The Chesapeake Bay Foundation (CBF) is opposing proposed changes to Maryland’s public shellfish fishery areas that would limit the ability to expand oyster farming and restoration activities in the future.
Maryland’s Department of Natural Resources (DNR) presented the proposed policy Oct. 12 at the Oyster Advisory Commission meeting. The proposal, if approved in regulation, would establish criteria to develop new public shellfish fishery areas—Bay bottom reserved exclusively for oyster harvesting —if the area has five or more oysters per square meter of bottom.
Once a public shellfish fishery area has been established, the bottom can no longer be used for activities such as oyster restoration or oyster farming, also known as aquaculture. However, Bay bottom with strong oyster populations are among the best areas to restore oyster reefs or raise oysters as part of an aquaculture operation. This proposal could prevent reef restoration and aquaculture in large portions of Maryland’s Bay by reserving them for commercial harvest. More than 179,000 acres of Bay bottom are already designated as public shellfish fishery areas. An additional 100,000 acres or more that fall outside of these areas are also open to oyster harvest. About 6,500 acres of Bay bottom are currently being leased for oyster farming.
Environmental advocates, scientists, watermen, and seafood sellers are working together to develop recommendations for a new fishery management plan for oysters as part of a consensus process established in Maryland law in January. DNR’s proposed regulations represent a major change in oyster management that undermine the spirit of that law and the process that’s already underway. This end-around the consensus-based process ties the hands of stakeholders working to develop a shared vision for oyster management.
The proposal must still go through a public comment period and legislative review before it can be established in regulation by DNR. CBF is urging DNR to consider tabling this proposal so that it may be properly considered by the Oyster Advisory Commission members whose legislative mandate is to cooperatively develop recommendations for oyster management that increase oyster abundance and ends overfishing.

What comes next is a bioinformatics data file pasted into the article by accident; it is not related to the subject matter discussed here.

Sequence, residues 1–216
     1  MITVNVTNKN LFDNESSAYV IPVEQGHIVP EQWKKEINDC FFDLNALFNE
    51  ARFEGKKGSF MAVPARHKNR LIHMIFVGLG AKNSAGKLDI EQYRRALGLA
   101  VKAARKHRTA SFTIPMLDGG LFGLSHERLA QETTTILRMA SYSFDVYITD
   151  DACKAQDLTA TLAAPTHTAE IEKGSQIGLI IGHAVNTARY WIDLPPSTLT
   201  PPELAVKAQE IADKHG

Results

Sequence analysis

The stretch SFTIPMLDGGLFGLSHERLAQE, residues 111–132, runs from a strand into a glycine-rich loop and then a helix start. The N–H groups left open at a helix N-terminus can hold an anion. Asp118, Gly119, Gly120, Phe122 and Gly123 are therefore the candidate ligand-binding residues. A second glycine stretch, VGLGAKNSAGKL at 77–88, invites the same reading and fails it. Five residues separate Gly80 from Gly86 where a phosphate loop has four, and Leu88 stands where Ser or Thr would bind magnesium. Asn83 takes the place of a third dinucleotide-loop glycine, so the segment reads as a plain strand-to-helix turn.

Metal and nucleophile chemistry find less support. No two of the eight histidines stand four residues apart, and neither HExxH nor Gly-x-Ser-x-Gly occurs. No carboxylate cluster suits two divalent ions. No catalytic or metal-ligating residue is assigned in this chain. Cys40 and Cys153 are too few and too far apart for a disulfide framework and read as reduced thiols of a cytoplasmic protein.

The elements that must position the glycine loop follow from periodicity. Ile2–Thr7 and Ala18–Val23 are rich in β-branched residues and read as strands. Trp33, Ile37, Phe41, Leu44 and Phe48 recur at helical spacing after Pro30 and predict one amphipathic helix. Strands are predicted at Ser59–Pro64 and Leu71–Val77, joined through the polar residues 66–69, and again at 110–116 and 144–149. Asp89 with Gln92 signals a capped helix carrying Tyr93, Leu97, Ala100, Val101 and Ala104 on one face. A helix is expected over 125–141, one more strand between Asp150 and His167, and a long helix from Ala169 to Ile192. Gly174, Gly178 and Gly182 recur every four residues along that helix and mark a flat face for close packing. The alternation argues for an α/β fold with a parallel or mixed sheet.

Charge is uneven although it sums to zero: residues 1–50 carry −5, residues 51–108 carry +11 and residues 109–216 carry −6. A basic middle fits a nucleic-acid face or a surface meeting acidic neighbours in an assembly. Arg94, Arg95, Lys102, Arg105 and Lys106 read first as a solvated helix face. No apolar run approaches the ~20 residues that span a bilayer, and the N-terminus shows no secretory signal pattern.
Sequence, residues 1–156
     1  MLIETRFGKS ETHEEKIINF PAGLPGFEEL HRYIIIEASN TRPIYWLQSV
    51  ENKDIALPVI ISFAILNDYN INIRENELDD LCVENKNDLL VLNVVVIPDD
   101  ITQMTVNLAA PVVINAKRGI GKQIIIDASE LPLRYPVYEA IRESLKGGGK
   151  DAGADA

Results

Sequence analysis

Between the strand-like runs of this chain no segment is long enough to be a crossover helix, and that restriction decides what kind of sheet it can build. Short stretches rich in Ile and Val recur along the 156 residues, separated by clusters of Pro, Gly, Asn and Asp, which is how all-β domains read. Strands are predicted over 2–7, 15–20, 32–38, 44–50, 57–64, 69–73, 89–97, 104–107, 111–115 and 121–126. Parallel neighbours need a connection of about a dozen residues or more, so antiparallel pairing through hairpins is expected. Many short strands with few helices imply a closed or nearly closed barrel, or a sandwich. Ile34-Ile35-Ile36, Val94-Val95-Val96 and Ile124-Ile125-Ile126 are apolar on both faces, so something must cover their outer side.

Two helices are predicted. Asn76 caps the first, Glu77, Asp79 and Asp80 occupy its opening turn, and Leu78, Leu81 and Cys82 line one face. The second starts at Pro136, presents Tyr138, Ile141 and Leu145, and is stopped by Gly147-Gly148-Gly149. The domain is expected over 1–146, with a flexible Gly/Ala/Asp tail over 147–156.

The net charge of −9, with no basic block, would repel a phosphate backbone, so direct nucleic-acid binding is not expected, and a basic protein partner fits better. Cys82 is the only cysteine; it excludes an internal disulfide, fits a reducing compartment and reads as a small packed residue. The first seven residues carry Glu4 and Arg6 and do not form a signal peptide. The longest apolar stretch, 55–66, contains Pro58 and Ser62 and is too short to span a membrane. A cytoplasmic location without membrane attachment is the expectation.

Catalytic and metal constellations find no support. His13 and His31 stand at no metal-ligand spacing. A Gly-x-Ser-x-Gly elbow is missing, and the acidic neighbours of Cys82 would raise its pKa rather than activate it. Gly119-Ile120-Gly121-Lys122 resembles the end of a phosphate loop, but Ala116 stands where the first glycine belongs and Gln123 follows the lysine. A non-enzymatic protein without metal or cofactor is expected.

The reality is Maryland needs more oysters. Oysters filter and clarify water. Their reefs provide habitat to blue crabs, fish, and other marine life. Despite these benefits, oyster populations in the state remain at historic lows. Expanding areas for the exclusive use of harvesters that require no replanting of oysters and excluding aquaculture operators, who are required to replant areas at sustainable levels, seems highly unlikely to achieve this outcome.
CBF Maryland Fisheries Scientist Allison Colden issued the following statement about the proposal:
“This proposal undermines the process put in place by the legislature to implement actions to increase the oyster population and end overfishing. It appears to be a one-sided proposal to increase the oyster harvest at the expense of restoration and aquaculture efforts that are helping to bring Maryland’s oysters back. Making more of Maryland’s Bay bottom off-limits to restoration and aquaculture makes no sense as oyster populations are wallowing at historic lows. The state must balance the interests of the fishery with the environmental and social benefits more oysters could provide, instead of reserving the remaining oysters in Maryland waters for harvest.”